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Tips and tricks

A collection of useful tips and tricks when working with styled-components!

Component adjustments

Say you have a <Button> that has a padding of 0.5em 2em:

const Button = styled.button`
  padding: 0.5em 2em;

  /* …more styles here… */
`;

Now your designer has added a new comment section to your articles, and they want the buttons in that section to be smaller than the regular ones.

Using interpolated functions, adjusting the button size is easy as pie:

const Button = styled.button`
  /* If it's a small button use less padding */
  padding: ${props => props.small ? '0.25em 1em' : '0.5em 2em'};

  /* …more styles here… */
`;

Then, in your comment section, you can simply say that the <Button> should be small:

<Button>This is a normal button!</Button>
<Button small>This is a small button!</Button>

Using JavaScript to our advantage

To make a line overflow with an ellipsis () when the text is longer than the container element is wide, you need three CSS properties:

.truncate {
  white-space: nowrap;
  overflow: hidden;
  text-overflow: ellipsis;
}

The width of the container element also needs to be set explicitly:

.truncate {
  /* Needs to be specific width */
  width: 250px;
  white-space: nowrap;
  overflow: hidden;
  text-overflow: ellipsis;
}

You could create a separate component for truncating, but in this case reusing the CSS might not be a bad idea! Instead of hardcoding those lines of code in every component you want to truncate though, you could write a function that does it for you:

// style-utils.js
export function truncate(width) {
  return `
    width: ${width};
    white-space: nowrap;
    overflow: hidden;
    text-overflow: ellipsis;
  `;
}

Then you can use it like this:

import { truncate } from '../style-utils';

// Make this div truncate the text with an ellipsis
const Box = styled.div`
  ${ truncate('250px') }
  background: papayawhip;
`;

Does this remind you of anything? Exactly, this is kind of like a mixin in Sass – except it's not an arbitrarily added construct on top of CSS, it's just JavaScript! 👍

More powerful example

One of the more powerful features of Sass mixins is @content, which works a bit like passing props.children to a React component, except for CSS:

@mixin handheld {
  @media (max-width: 420px) {
    @content;
  }
}

.box {
  font-size: 16px;
  @include handheld {
    font-size: 14px;
  }
}

Now we have javascript, we can do 🌟 more powerful things 🌟

// style-utils.js
import { css } from 'styled-components'

export const media = {
  handheld: (...args) => css`
    @media (max-width: 420px) {
      ${ css(...args) }
    }
  `
}
import { media } from '../style-utils';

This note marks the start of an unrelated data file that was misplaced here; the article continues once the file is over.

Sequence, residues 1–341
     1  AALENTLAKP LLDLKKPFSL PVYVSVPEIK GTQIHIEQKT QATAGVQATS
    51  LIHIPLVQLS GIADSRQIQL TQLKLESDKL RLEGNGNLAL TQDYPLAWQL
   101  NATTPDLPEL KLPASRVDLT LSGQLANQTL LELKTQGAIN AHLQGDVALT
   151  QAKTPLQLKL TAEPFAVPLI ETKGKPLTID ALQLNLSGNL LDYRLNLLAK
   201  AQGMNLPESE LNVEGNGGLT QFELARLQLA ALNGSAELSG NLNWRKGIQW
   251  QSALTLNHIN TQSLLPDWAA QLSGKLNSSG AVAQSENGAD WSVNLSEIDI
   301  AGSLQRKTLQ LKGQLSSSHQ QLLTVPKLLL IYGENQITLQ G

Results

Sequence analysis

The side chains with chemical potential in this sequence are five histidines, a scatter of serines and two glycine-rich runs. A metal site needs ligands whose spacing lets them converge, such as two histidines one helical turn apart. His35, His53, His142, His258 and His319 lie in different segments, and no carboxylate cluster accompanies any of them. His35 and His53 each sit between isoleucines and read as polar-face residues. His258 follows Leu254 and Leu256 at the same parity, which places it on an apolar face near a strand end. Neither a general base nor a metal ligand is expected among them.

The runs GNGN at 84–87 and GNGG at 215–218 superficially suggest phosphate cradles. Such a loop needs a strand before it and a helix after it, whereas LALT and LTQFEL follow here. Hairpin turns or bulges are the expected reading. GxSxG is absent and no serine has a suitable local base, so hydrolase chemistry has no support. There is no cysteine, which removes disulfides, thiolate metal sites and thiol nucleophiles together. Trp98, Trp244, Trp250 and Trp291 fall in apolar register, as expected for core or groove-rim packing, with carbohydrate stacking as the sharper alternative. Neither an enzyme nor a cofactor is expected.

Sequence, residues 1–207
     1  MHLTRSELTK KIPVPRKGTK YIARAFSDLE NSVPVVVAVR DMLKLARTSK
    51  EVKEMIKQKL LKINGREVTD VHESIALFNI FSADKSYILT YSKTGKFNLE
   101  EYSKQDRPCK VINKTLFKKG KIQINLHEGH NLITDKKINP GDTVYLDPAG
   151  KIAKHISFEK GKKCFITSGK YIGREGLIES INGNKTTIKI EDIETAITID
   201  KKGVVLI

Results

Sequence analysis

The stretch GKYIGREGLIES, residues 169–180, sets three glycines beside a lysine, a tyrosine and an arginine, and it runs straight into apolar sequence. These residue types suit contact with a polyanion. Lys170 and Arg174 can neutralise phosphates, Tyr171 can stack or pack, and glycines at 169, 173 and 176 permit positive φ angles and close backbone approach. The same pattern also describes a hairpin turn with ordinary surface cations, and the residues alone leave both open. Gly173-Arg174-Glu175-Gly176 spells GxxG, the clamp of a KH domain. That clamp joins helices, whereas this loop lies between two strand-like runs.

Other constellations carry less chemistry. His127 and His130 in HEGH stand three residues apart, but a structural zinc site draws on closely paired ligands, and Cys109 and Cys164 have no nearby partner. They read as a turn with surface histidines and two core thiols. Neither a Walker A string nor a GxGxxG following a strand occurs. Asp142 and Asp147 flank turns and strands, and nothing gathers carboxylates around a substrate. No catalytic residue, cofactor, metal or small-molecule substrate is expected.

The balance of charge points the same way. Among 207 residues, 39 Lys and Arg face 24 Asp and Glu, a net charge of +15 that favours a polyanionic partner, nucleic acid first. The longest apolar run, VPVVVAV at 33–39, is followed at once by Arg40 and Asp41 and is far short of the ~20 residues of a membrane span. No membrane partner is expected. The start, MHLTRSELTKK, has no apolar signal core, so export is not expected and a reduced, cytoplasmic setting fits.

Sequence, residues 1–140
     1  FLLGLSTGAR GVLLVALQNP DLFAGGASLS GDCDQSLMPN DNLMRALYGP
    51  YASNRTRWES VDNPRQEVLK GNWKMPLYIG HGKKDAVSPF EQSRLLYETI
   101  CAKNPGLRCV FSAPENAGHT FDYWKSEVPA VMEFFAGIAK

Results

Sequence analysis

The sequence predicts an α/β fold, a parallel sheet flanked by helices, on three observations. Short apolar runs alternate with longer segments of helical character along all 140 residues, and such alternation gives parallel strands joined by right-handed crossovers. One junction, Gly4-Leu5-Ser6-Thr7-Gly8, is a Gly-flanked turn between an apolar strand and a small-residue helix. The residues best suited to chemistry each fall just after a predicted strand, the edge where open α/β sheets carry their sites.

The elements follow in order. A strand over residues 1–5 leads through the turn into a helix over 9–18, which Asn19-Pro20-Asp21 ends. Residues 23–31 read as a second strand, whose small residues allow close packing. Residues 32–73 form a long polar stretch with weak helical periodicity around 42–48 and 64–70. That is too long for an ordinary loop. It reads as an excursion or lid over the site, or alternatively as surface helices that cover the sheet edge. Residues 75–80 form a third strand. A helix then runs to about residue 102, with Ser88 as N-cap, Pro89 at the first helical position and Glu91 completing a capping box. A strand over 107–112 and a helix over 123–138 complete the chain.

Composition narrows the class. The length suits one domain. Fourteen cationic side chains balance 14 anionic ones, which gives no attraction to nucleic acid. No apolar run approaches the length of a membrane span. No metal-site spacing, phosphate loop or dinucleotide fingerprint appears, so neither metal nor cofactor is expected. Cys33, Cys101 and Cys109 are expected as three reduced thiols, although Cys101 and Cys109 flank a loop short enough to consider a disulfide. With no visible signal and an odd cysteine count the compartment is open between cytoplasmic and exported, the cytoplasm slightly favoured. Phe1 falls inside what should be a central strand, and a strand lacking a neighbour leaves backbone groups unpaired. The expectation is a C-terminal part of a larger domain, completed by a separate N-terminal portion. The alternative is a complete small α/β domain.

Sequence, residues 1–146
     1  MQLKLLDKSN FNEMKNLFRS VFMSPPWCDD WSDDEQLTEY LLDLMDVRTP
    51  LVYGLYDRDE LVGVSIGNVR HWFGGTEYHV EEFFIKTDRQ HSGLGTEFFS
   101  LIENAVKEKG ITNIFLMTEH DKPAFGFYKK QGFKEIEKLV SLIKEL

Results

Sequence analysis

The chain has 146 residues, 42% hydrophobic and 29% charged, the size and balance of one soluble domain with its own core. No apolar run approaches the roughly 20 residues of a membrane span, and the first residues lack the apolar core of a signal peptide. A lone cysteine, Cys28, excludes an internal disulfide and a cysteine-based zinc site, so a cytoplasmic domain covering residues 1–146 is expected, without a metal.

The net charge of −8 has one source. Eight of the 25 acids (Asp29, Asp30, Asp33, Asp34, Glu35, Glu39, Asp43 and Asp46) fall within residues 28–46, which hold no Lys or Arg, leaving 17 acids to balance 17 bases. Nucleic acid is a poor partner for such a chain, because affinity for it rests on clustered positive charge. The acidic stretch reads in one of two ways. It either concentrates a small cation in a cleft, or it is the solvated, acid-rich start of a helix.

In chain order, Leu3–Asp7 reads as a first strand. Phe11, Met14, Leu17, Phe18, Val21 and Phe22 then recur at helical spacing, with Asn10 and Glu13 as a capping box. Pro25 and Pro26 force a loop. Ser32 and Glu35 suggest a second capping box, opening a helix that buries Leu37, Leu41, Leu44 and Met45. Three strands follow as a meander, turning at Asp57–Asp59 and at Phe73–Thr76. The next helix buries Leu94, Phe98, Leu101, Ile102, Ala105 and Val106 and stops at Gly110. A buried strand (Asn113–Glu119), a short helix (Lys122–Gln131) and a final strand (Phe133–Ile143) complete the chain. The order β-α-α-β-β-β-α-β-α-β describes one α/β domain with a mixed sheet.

// Make the text smaller on handheld devices
const Box = styled.div`
  font-size: 16px;
  ${ media.handheld`
    font-size: 14px;
  ` }
`;

And voila! 💅

Not clear on why css is needed in the above example? Check the article on Tagged Template Literals

Media Templates

Due to the functional nature of javascript, you can easily define your own tagged template literal to wrap styles in media queries. For example:

// these sizes are arbitrary and you can set them to whatever you wish
import { css } from 'styled-components'

const sizes = {
  giant: 1170,
  desktop: 992,
  tablet: 768,
  phone: 376
}

// iterate through the sizes and create a media template
export const media = Object.keys(sizes).reduce((accumulator, label) => {
  // use em in breakpoints to work properly cross-browser and support users
  // changing their browsers font-size: https://zellwk.com/blog/media-query-units/
  const emSize = sizes[label] / 16
  accumulator[label] = (...args) => css`
    @media (max-width: ${emSize}em) {
      ${css(...args)}
    }
  `
  return accumulator
}, {})

Great! Now that you've defined your media templates, you can use them like this:

const Container = styled.div`
  color: #333;
  ${media.desktop`padding: 0 20px;`}
  ${media.tablet`padding: 0 10px;`}
  ${media.phone`padding: 0 5px;`}
`

Pretty easy, huh?

Refs to DOM nodes

Passing ref to styled component will give a ref to the StyledComponent wrapper, not to DOM node. So it's not possible to call DOM methods, like focus on that wrapper. To get a ref to wrapped DOM node, pass innerRef prop.

Note: innerRef supports callback refs (i.e. ref={comp => this.bla = comp}) and refs using React.createRef() (available since React 16.3). String refs (i.e. ref="bla") won't work. Since string based refs will be deprecated in the future anyway, don't worry about it too much and just use the createRef() or callback pattern.

Example using a createRef():

const StyledInput = styled.input`
  color: paleviolet;
`;

class Form extends Component {
  constructor(props){
    super(props);
    this.input = React.createRef()
  }

  componentDidMount() {
    if (this.input.current) {
      this.input.current.focus()
    }
  }

  render() {
    return (
      <StyledInput innerRef={this.input} />
    )
  }
}

Example using a callback:

const StyledInput = styled.input`
  color: paleviolet;
`;

class Form extends Component {
  componentDidMount() {
    if (this.input) {
      this.input.focus()
    }
  }

  render() {
    return (
      <StyledInput innerRef={(comp) => { this.input = comp }} />
    )
  }
}